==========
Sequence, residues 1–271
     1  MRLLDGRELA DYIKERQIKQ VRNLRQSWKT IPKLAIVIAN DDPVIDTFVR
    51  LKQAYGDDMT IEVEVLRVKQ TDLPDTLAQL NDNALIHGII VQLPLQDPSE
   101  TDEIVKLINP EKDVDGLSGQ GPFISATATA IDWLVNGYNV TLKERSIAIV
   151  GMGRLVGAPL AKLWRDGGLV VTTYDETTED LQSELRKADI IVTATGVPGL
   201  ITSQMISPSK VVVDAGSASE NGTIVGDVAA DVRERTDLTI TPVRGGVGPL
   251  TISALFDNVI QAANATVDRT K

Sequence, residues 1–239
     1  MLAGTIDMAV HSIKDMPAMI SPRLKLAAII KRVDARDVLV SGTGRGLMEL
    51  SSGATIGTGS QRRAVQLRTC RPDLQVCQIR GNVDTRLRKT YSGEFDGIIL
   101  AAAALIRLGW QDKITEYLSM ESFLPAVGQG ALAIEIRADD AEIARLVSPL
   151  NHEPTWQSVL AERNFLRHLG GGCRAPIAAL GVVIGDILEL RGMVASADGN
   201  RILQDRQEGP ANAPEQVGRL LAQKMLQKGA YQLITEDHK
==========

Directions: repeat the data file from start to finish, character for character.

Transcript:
Sequence, residues 1–271
     1  MRLLDGRELA DYIKERQIKQ VRNLRQSWKT IPKLAIVIAN DDPVIDTFVR
    51  LKQAYGDDMT IEVEVLRVKQ TDLPDTLAQL NDNALIHGII VQLPLQDPSE
   101  TDEIVKLINP EKDVDGLSGQ GPFISATATA IDWLVNGYNV TLKERSIAIV
   151  GMGRLVGAPL AKLWRDGGLV VTTYDETTED LQSELRKADI IVTATGVPGL
   201  ITSQMISPSK VVVDAGSASE NGTIVGDVAA DVRERTDLTI TPVRGGVGPL
   251  TISALFDNVI QAANATVDRT K

Sequence, residues 1–239
     1  MLAGTIDMAV HSIKDMPAMI SPRLKLAAII KRVDARDVLV SGTGRGLMEL
    51  SSGATIGTGS QRRAVQLRTC RPDLQVCQIR GNVDTRLRKT YSGEFDGIIL
   101  AAAALIRLGW QDKITEYLSM ESFLPAVGQG ALAIEIRADD AEIARLVSPL
   151  NHEPTWQSVL AERNFLRHLG GGCRAPIAAL GVVIGDILEL RGMVASADGN
   201  RILQDRQEGP ANAPEQVGRL LAQKMLQKGA YQLITEDHK